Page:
Jesse: …singing all the right notes. It was awesome. We did that at Tim’s studio. Tim also did his vocals at his studio. That was later in the process, where things were a little more comfortable, where we could actually travel to a studio and not worry about everything. And then also, we had a guest vocalist on “Alien.” It’s this guy named Arnold, who is a friend of Tim’s and a friend of Brett Gurewitz’s. When we were working on that song, I think it was Tim’s idea, he was like “Arnold’s voice would sound great on this,” and we were like “let’s give it a shot!” So we had Arnold come in and he sang all those background vocals, and he’s got this emotionally delicate approach to his vocals that just lifted that song to another level.

JS: That song is something else…

Both: Yeah!

Jesse: First Interrupters song with no guitar. 

JS: Right! That’s actually a thing I wanted to ask about. There’s so many different directions! Obviously you’ve always played on a lot of different influences, but I feel like with this album, you go deeper into the reggae thing, into the 2-Tone thing, and then “Alien” which is unlike anything else in the Interrupters catalog. What made you take the freedom to just kinda go with that. Is that stuff that’s always kinda been in the arsenal but maybe you didn’t want to go too deep on the first few records, but now that everyone’s along for the ride it’s like, “well, let’s push that.”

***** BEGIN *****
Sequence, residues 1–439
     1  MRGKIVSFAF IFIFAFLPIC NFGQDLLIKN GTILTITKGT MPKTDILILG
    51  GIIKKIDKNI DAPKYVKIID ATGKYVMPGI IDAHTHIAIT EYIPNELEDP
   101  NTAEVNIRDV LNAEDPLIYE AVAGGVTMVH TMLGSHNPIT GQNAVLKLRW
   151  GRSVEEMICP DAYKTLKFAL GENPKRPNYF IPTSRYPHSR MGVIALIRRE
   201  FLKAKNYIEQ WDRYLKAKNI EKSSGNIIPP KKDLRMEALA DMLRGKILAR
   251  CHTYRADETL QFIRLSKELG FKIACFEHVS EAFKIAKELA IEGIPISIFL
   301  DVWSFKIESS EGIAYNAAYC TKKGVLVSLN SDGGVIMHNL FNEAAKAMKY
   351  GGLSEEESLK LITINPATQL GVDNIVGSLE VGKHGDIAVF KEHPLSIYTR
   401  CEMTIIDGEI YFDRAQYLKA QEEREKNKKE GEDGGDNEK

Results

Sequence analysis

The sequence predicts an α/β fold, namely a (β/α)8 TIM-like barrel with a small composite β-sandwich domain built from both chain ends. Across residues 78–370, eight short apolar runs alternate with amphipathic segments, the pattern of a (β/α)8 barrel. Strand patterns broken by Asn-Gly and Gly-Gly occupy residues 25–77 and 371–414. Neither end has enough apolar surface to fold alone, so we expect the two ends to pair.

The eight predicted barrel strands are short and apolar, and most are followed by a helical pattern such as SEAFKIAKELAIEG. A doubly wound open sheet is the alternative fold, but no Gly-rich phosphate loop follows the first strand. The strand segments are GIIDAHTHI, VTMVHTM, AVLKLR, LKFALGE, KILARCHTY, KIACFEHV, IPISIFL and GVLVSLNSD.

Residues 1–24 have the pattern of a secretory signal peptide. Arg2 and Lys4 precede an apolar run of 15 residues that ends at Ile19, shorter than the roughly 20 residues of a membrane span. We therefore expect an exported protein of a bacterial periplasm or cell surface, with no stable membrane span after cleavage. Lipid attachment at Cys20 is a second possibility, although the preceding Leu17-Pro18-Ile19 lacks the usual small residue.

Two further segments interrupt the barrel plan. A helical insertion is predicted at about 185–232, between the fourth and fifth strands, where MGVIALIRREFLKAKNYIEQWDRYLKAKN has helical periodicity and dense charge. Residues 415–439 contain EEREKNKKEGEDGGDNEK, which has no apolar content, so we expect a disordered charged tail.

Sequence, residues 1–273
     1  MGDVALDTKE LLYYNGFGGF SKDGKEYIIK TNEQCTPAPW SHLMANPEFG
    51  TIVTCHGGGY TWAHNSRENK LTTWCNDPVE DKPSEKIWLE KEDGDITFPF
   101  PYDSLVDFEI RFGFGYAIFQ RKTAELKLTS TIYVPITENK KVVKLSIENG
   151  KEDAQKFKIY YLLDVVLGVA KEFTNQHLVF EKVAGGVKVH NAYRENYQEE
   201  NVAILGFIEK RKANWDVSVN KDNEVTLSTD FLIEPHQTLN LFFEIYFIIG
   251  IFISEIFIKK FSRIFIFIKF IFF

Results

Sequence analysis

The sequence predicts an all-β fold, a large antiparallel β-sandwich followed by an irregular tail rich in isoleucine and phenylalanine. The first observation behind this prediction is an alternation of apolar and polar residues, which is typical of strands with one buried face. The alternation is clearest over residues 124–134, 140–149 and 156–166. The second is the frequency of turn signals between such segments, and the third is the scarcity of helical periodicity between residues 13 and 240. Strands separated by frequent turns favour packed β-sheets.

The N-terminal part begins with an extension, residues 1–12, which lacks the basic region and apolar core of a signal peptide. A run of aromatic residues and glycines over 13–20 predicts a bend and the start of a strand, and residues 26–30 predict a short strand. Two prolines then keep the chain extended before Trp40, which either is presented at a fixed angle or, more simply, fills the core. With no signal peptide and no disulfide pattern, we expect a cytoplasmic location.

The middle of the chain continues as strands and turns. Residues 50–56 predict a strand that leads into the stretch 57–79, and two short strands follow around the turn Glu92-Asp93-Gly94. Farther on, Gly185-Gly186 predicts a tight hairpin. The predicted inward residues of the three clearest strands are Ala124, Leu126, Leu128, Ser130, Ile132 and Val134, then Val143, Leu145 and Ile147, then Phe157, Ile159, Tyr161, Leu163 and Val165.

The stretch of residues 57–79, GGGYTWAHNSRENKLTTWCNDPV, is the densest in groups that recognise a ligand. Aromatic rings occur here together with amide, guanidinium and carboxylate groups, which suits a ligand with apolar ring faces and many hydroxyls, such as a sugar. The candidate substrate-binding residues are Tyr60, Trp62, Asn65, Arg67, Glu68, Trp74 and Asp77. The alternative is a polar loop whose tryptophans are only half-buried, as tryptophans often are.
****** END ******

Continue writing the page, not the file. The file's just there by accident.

Jesse: Maybe a little bit of that, but also, it is more that the songs were telling us how we should play them, so to speak. So the way that that song was written, there was never really another way to approach it. That song went through a lot of different versions – not crazy different versions but it was layered up with heavy guitars at one point…

Justin: It was kind of like The Beatles’ “Oh Darling” at one point, where it was like rocking

Jesse: There were heavier drums on it at one point. It went through a bunch of stages.

Justin: But the emotion wasn’t there. Aimee fought really hard to bring it back to what it should be. 

Jesse: What served the song better. 

Justin: And that involved one day just pulling it up and being like “take the guitar off, take that off, take that off”…it got down to literally just the drum beat and the string arrangement.